My mother-in-law angrily stood with a bolo in her hand, poised and ready to strike her 13-year-old niece Shaina whom she had suspected of stealing 200 pesos from her. Only my sister-in-law Alida's firm grip on her mother's arm prevented the crazed lola from striking the terrified girl. My wife was nearby desperately urging her mother to calm down. My spouse was pleading with her mother to determine if the money was just misplaced since lola has been forgetful lately. Her nanay was adamant that the money was stolen, and she was positive Shaina was the thief.
After Alida and my wife finally managed to separate my agitated mother-in-law from Shaina, I took the young girl aside and asked if she had stolen her lola's money. With tears in her eyes and looking me straight in the eyes, she replied “no.” I assured her that lola or no one else was going to hurt her if she had taken the pesos, I just wanted to know the truth.
Again, she looked me in the eyes and said “no.” I believed her. “Did Sherwin (her ten-year-old brother) take lola's money?” I asked. Shaina shook her head “yes” and replied “maybe.” “Are you sure?” She again shook her head “yes.” Was she just trying to shift the blame to her sibling to take the pressure off her? I honestly didn't think so.
I was off to find Sherwin, lola's favorite, that had slept in the same bed with his grandmother since he was three years old and continued to do so. I went to our back yard area, literally on the edge of a jungle, and caught a glimpse of my young nephew attempting to hide by a coconut tree.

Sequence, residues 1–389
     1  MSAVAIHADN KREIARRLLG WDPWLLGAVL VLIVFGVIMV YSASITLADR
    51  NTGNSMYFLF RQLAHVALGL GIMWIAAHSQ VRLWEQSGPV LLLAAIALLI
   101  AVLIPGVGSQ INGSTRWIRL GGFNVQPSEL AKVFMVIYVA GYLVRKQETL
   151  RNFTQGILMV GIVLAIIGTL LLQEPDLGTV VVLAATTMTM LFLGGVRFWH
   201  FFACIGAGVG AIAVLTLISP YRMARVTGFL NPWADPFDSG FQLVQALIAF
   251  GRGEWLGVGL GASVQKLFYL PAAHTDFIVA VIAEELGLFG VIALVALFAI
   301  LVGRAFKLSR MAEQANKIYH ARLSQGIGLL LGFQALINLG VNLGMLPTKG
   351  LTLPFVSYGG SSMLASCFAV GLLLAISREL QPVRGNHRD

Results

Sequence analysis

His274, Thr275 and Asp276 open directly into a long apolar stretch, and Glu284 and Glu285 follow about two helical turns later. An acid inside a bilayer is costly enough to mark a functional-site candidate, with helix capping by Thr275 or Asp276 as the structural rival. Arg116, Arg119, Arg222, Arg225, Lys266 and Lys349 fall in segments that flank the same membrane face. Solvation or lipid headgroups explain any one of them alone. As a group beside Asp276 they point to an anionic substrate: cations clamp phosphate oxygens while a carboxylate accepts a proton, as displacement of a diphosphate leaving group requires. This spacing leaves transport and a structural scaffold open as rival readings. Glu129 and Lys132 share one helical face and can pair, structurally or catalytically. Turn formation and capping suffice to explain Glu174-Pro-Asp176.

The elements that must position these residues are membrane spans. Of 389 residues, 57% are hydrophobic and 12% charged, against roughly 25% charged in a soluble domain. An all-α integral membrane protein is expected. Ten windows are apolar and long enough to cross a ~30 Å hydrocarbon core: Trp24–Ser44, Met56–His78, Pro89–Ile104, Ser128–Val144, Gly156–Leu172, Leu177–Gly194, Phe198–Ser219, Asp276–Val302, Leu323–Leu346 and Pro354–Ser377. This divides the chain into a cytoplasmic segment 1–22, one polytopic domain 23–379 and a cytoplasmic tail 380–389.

I called out to him, and asked if he had taken his lola's money. Sherwin looked down and said nothing. I did not raise my voice to him, but firmly asked again. He barely squeaked out a “no”, still refusing to look at me. I asked one more time, and again did not get a response. I took him to the nipa hut in our front yard where my sister-in-law lives, and where my wife was discussing the situation with Alida, so they could question our nephew in his native Hiligaynon language.
I told them that I had spoken to Shaina and Sherwin and what Shaina had said about her brother. Sherwin merely kept his downcast look and barely whispered a “no” to his two titas (aunts.) My wife also felt that Shaina was innocent and couldn't say if her mother had actually been robbed or not. My asawa felt that she would broken under the extreme pressure her grandmother had displayed. We both suspected Sherwin of the crime.
Lola kept her money locked up in a wardrobe dresser in her room, but both Shaina and Sherwin knew where the key was kept. So the mystery remains unsolved. If the money was not actually stolen, just misplaced, the accusation of being a thief is a harsh one. However, if the money was taken, thievery would not be tolerated in this household. A very unsettling ending to our Christmas Eve.
My wife has now determined that she believes a theft has occurred, so she is having our niece and nephew polish our floors throughout "The Compound" today. The floor wax, "Star Wax" brand, is a paste wax that has to be applied by hand. She believes some kind of punishment has to be meted out. As " King" of "The Compound", I concur with her. A wise king always agrees with his queen.